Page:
The wages in Romania’s public sector have exceeded those paid by the private sector by 32.2 percent in April, the largest difference since March 2009, as the government has massively increased the public servants’ wages during the last couple of years, according to Business Review’s calculations based on official data.
In April, Romania’s average net monthly earnings rose by 14.7 percent year-on-year, to RON 2,713 (EUR 583) – a record high.
But the average net earnings in the public sector were RON 3,376 (EUR 725), compared to RON 2,555 (EUR 549) in the private sector.
Around 1.2 million out of 5 million Romanian employees work in the public sector, according to official data.
Compared to January 2017, when the Social Democrats (PSD) came into office, the wages the in public sector rose by 28 percent, while the public sector’s wages increased by 15 percent, according to Business Review calculations.
These numbers come after years of wage-led growth government policy, which stimulated a consumer bonanza in Romania during the last couple of years.
But this model has generated high public spending on wages and pensions and larger fiscal and current account deficits.
In the first five months of this year, budget spending on wages rose by 22.3 percent year-on-year, faster than total public spending (+18.4 percent), while public revenue increased by only 12.7 percent.
This sharp increase generates concerns among the experts. „Social assistance also increased 10.5 percent YoY (in May 2018), thus bringing the share of public sector wages and social assistance to 62.2 percent of GDP from 61.4 percent in April 2018,” ING Bank analysts warned in a recent report.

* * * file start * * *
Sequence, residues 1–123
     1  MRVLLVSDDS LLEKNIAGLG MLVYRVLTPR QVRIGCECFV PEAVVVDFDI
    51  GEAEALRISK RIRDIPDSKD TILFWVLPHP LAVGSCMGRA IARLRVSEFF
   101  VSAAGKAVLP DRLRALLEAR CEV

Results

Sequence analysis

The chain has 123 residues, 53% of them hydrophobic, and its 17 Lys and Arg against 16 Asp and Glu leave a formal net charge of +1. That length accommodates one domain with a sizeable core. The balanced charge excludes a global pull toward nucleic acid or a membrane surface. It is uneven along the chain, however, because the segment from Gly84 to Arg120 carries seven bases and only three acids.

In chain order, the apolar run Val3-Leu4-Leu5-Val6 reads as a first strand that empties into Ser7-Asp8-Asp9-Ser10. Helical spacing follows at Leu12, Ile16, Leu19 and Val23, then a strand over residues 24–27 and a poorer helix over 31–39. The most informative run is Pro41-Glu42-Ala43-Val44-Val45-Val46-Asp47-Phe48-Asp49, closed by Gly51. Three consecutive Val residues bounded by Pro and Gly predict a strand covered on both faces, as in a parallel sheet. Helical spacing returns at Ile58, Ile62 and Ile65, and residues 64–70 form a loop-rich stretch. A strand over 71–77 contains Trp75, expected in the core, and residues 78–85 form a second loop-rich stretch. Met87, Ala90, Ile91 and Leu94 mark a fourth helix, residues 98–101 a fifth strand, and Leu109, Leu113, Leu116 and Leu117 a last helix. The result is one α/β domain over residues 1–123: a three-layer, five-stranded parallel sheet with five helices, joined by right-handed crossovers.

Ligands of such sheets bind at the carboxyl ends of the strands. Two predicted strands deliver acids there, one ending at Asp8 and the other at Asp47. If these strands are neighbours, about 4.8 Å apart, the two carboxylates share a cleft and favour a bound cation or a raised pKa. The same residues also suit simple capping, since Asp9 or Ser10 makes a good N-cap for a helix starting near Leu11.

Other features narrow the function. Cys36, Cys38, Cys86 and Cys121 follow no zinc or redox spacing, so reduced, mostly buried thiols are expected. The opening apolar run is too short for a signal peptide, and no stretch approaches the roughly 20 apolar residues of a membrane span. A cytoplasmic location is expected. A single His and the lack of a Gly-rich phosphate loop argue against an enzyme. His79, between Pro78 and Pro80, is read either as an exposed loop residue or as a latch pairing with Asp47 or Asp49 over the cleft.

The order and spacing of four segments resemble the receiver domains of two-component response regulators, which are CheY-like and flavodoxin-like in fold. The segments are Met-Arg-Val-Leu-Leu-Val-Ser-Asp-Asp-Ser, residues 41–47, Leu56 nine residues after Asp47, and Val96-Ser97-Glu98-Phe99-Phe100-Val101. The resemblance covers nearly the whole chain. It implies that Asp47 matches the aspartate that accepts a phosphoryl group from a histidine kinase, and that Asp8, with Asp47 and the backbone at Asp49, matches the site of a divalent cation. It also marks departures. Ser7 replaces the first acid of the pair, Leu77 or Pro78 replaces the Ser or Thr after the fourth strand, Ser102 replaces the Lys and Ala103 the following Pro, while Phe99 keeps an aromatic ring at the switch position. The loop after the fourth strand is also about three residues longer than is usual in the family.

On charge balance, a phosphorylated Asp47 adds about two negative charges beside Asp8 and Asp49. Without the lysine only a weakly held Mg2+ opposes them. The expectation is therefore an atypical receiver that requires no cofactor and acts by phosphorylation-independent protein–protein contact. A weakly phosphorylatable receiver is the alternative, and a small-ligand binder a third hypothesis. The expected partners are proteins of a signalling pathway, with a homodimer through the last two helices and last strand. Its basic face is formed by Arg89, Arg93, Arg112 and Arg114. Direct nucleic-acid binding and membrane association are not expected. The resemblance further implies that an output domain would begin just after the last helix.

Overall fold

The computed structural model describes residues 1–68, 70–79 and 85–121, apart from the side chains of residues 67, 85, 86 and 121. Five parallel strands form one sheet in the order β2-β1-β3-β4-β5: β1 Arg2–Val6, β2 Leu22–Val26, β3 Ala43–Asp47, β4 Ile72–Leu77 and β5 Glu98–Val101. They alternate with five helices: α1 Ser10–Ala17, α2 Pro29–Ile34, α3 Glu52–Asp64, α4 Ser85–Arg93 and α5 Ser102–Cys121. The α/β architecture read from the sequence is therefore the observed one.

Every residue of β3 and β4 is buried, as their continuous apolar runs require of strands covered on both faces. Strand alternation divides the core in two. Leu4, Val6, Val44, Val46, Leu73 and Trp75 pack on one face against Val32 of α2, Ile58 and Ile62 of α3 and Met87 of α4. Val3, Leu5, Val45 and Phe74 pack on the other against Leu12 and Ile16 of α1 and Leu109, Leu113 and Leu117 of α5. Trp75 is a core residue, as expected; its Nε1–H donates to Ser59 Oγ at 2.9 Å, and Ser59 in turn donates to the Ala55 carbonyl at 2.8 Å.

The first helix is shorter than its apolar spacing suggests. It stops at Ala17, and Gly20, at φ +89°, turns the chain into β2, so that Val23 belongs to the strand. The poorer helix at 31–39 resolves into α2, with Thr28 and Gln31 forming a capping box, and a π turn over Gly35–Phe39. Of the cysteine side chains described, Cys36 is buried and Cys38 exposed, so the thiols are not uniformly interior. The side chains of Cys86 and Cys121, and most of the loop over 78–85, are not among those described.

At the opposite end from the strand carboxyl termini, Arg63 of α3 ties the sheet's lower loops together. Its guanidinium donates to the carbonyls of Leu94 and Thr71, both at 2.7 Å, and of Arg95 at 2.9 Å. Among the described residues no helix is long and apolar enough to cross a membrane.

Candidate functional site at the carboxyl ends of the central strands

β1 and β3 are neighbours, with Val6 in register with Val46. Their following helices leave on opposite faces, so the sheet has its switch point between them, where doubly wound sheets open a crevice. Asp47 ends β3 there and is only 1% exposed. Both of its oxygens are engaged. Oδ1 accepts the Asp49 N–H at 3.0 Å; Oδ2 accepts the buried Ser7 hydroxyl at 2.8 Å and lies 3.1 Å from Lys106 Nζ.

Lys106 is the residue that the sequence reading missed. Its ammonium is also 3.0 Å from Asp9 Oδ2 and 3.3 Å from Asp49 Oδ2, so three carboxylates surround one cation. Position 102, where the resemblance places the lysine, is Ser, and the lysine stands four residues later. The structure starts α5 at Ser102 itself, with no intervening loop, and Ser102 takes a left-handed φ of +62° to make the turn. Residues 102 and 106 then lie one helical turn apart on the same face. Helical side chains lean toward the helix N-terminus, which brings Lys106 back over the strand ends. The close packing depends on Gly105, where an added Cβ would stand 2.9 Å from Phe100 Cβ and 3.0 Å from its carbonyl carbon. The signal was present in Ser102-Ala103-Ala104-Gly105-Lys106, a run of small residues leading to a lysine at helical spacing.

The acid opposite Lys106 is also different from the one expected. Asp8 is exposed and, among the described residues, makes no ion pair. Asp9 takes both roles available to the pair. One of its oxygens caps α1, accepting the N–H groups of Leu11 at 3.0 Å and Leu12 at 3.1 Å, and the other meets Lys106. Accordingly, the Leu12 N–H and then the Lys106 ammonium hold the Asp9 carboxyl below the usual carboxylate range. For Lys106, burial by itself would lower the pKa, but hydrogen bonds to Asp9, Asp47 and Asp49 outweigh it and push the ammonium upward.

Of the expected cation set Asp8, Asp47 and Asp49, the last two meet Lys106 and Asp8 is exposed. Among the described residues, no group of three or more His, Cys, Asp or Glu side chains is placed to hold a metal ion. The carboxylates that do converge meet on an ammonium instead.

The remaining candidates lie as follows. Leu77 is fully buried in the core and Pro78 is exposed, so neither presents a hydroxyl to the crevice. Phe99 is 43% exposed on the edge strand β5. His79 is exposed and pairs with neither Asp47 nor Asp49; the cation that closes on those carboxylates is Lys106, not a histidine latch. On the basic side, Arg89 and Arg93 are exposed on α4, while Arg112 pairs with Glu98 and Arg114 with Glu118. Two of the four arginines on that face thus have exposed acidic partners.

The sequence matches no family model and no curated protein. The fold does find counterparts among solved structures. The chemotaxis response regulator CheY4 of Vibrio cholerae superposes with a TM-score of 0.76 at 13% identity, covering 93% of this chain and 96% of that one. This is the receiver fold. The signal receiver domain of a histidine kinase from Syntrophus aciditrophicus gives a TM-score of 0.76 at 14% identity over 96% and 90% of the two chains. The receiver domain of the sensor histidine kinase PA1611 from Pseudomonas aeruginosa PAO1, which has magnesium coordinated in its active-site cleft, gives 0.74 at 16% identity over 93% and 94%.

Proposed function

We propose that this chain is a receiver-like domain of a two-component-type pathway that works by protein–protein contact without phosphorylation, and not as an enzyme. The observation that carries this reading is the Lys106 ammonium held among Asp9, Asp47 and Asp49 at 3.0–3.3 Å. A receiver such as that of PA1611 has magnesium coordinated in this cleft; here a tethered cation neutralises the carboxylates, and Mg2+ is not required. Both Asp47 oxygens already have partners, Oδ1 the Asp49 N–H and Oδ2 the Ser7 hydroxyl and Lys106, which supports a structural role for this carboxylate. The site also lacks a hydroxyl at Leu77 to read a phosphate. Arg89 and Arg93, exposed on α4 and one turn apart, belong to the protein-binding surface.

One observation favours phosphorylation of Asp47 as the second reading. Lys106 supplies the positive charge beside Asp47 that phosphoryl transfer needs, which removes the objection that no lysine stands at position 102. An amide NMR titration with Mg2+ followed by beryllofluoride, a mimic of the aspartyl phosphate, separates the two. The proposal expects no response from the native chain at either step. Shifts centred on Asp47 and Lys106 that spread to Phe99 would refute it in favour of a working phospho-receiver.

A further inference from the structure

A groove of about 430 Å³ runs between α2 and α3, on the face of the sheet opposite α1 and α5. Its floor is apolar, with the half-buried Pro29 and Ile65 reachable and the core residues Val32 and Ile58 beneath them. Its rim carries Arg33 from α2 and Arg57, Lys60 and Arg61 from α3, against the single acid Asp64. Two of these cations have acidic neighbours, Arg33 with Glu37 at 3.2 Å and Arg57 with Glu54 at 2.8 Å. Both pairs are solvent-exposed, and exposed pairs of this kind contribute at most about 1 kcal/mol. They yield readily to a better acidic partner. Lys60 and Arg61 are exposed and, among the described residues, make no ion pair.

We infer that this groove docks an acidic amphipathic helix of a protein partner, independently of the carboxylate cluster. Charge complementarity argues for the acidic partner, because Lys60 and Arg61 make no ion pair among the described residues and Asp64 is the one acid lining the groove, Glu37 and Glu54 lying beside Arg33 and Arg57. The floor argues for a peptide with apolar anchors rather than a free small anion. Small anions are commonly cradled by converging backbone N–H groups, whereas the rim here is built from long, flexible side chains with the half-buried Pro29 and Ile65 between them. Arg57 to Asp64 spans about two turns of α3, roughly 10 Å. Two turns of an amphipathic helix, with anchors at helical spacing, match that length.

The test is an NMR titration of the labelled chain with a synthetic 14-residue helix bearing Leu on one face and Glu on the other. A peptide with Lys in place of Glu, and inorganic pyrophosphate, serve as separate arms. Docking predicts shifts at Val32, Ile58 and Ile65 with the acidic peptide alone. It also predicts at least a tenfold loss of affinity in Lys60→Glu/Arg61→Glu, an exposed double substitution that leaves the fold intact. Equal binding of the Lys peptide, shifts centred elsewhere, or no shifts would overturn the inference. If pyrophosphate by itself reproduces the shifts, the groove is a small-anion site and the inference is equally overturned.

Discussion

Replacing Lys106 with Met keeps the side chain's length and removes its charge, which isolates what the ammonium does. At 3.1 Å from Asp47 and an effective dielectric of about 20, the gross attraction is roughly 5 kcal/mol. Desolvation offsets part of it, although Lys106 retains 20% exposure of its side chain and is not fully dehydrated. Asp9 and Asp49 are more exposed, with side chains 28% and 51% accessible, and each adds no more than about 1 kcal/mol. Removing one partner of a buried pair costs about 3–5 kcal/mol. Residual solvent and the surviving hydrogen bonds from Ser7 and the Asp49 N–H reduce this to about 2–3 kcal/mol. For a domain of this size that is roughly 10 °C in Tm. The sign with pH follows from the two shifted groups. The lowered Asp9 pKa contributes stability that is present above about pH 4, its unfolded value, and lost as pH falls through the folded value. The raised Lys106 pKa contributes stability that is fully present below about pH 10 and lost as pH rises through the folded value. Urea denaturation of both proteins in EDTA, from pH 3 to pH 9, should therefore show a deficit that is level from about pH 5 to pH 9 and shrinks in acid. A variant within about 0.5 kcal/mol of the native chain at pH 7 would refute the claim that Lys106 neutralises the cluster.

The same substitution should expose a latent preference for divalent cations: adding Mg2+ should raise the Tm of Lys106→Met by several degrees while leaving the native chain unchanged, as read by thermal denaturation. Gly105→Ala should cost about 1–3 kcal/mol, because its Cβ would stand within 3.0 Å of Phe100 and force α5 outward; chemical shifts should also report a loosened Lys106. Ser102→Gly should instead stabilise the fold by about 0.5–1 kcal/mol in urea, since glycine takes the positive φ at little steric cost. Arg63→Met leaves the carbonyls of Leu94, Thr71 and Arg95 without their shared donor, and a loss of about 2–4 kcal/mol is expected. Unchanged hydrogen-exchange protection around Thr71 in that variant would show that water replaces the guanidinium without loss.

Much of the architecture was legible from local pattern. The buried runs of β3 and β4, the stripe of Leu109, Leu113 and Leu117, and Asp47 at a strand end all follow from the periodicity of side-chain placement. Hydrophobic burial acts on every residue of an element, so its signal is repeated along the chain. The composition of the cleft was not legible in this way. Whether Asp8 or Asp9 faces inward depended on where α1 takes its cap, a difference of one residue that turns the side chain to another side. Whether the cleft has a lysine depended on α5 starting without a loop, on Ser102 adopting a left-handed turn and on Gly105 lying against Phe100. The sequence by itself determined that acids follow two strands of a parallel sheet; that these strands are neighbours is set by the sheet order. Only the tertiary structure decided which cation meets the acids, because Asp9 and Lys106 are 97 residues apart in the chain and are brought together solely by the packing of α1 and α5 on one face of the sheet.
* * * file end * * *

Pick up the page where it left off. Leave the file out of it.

According to Business Review’s calculations, public spending on wages and pensions reached a record high of 58.7 percent of total budget spending in 2017 (RON 162.2 billion out of RON 276.1 billion), above the levels seen before and during the financial crisis – 52.4 percent in 2008, 57.3 percent in 2009 (a record high for that time) or 55.1 percent in 2010.
Rising public spending on wages and pensions in 2008 and 2009 was one of the main causes of huge budgetary constraints of Romania during the financial crisis, which ultimately led to the EUR 20 billion salvage-loan from the international financial institutions in 2009 (IMF, the European Commission and the World Bank) and to public wages’ cut by 25 percent in 2010.
„We expect the mid-year budget revision to be quite substantial if the government is to remain committed to the -3.0 percent of GDP deficit, as economic growth is well below what the government expected while salaries and social security spending keep increasing their share in the total GDP,” ING experts estimate.
Romania has the second lowest average wage among the European Union member states, after Bulgaria.